The Romans may have been right all along
More than two-and-three-quarter millennia ago, the Romans considered the days of the months we call January and February as unworthy of inclusion in any month, reckoning that the year started in March and finished in December … the tenth month … with the other 60-or-so days lumped together as ‘winter’, useless days which were best ignored. I know how they felt. Despite the meteorological fact that February is often the driest month of the year and often contains quite a number of sunny days, there is little obvious heat in the sun and little motivation to get out into the great outdoors and revel in the dry days. February is like November, a no-month, a waste of calendar space.
Mark you, our British ancestors had a higher regard for February than I do. In that wonderful booklet, ‘The Gardeners Monthly Directions, Shewing what is Necessary to be done throughout the Year’ … first published in London in 1698 … the compilers write: “Now the Weather begins to alter, although sometimes January be open and temperate, and this month severely cold, yet for the most part the inclining of the Sun to the Vernal Equinox, doth produce a moderation of the past colds, and encourage the ingenious Gardener to trim his trees, and stir his ground, mixing his rotten Dung in the digging thereof, for the setting and sowing of Beans, Peas, Carrots, Parsnips, Onions, Parsley, Spinage, Asparagus, Anniseeds, Corn-sallet, Fennel.” (I might add that, although I have rendered the words in a contemporary typeface rather than that used by the seventeenth-century printer, I have left intact his spelling, his use of capital letters and his liberal use of commas.) I might also add that, although I admire his sense of optimism and his willingness to look forward to a more fruitful future, I cannot pretend that I share these praiseworthy attributes.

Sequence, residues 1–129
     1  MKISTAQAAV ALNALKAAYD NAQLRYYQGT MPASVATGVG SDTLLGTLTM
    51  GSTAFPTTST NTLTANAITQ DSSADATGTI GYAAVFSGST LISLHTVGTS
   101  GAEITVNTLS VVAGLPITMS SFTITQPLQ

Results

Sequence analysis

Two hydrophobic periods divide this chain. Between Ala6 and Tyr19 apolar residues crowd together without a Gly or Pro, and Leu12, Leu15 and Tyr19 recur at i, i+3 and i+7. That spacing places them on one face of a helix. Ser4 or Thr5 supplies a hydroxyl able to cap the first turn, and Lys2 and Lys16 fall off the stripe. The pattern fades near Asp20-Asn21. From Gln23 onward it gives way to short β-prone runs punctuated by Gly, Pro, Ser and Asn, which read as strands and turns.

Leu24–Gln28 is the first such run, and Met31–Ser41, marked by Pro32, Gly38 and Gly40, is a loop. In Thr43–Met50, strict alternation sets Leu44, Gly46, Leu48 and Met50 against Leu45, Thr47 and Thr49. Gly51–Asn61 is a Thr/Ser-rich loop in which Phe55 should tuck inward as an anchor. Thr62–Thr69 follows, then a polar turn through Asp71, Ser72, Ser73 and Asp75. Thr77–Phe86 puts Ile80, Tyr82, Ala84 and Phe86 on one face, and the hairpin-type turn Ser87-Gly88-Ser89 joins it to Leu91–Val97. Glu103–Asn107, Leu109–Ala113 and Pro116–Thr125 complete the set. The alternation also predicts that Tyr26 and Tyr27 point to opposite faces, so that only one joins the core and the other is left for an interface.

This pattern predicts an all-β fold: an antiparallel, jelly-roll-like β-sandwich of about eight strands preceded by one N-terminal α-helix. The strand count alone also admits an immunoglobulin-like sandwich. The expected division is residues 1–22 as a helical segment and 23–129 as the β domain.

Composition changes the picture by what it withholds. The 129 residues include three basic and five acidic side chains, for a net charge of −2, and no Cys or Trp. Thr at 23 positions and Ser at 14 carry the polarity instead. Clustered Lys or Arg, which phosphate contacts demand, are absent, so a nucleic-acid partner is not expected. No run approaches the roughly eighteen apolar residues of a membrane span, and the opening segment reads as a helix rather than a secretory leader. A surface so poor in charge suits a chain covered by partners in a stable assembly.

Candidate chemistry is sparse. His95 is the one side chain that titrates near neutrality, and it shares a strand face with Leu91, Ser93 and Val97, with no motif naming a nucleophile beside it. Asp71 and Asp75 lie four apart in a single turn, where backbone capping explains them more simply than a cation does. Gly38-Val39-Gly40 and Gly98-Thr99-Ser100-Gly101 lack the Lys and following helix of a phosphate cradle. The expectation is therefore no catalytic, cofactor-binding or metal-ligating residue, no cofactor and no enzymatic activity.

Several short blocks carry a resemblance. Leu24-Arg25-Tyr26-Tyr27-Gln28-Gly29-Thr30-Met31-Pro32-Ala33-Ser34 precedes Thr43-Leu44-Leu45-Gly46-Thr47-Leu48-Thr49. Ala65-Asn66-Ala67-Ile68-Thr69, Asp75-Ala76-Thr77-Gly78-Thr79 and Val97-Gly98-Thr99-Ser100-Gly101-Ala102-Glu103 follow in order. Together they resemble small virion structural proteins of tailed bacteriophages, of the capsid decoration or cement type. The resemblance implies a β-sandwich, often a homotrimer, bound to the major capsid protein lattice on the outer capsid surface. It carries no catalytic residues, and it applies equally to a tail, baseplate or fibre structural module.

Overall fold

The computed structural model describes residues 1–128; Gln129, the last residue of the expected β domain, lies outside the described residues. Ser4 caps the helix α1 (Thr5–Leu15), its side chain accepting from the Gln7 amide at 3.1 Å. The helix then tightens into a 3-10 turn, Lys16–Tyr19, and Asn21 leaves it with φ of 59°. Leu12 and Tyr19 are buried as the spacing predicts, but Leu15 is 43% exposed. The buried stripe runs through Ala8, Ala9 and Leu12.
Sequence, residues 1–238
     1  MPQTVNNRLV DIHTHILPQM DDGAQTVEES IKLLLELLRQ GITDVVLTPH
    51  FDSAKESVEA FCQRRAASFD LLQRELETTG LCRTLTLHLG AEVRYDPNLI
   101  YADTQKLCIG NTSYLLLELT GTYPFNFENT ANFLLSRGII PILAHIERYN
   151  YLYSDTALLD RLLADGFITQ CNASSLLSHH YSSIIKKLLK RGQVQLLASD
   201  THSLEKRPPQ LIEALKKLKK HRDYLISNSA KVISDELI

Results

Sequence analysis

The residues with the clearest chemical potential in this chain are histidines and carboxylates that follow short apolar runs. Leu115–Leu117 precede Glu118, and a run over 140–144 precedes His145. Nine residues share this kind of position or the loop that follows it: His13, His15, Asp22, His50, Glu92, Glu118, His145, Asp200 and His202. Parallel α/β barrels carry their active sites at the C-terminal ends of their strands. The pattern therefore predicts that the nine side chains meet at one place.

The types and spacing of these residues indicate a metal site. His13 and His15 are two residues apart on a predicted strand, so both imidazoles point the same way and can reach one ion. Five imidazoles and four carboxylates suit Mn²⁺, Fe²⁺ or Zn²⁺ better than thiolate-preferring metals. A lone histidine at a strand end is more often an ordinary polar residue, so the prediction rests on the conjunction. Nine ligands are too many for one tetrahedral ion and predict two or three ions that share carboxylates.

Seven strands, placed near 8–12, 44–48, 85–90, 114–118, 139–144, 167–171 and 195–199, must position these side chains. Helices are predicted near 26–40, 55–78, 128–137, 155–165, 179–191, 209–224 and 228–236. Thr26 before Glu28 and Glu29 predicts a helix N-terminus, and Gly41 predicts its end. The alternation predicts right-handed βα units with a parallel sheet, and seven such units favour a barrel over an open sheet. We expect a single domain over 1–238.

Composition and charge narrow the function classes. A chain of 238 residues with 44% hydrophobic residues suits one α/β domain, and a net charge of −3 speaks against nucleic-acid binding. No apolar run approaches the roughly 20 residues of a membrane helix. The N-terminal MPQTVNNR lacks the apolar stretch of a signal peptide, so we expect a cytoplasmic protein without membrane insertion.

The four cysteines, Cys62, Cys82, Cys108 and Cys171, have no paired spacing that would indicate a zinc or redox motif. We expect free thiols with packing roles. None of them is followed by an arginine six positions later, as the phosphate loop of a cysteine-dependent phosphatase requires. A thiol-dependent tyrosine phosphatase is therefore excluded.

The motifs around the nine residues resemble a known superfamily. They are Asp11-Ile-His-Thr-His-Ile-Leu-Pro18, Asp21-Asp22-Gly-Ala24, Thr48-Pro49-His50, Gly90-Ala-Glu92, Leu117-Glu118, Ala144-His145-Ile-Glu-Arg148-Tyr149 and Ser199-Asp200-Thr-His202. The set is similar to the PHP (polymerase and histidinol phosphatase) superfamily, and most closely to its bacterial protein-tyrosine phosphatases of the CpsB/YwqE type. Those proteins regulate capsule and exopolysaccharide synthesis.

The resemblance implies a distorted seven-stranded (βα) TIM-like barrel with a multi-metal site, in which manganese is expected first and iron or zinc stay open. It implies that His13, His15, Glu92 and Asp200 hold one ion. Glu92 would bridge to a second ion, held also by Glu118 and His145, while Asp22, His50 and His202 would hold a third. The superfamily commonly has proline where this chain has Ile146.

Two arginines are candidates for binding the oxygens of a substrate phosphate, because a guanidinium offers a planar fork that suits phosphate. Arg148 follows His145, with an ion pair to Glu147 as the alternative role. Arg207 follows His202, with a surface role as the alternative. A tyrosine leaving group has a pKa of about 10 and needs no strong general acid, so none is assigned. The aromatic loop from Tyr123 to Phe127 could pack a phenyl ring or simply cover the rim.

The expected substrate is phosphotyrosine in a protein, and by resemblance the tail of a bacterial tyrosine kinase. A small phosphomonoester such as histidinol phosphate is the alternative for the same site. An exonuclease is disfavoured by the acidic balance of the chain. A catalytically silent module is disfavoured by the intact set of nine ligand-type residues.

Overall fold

When the better part of three thousand years ago give or take a few, the Romans decided that the days of ‘winter’ should logically be included in the calendar of months, they chose to name what was regarded as the final month of the year after a purification ceremony which marked the last full moon of the lunar year. This ceremony was Februa, the ceremony of clearing away all the assorted unwanted baggage of the year that was coming to an end in anticipation of the new year that was about to begin, its name coming from the Latin word februum meaning ‘purification’. So February was added to the names of the calendar months, moving from being the final month to its present position as the second month when the twelve are set down in what we call calendar order about two-and-a-half thousand years ago.
But assigning the second tranche of the ‘winter’ days to the month of February did not alter the character of these often cheerless days before Mother Nature has done much to shake off her winter slumbers. The proof that our pagan ancestors in these islands realised this can be found in their name for the month - Solmonath- which is usually translated as ‘mud month’! It is also worth remarking on the fact that February 3rd is St. Blaise’s Day in the Roman Catholic calendar of saints’ days, St. Blaise being the patron saint of sore throats. So despite the first signs of nature reawakening, despite the determined optimism of the instructions given to seventeenth century gardeners and despite the probability of sunshine, I shall probably find little to tempt me to venture into the garden to begin the good work for 2014. I shall, I expect, continue to regard February as something of a no-month … and did you know that February 1st always falls on the same day of the week as the previous November 1st?… and shall look forward to enjoying the sunshine beaming through the windows which protect the sheltered environment of a centrally-heated house.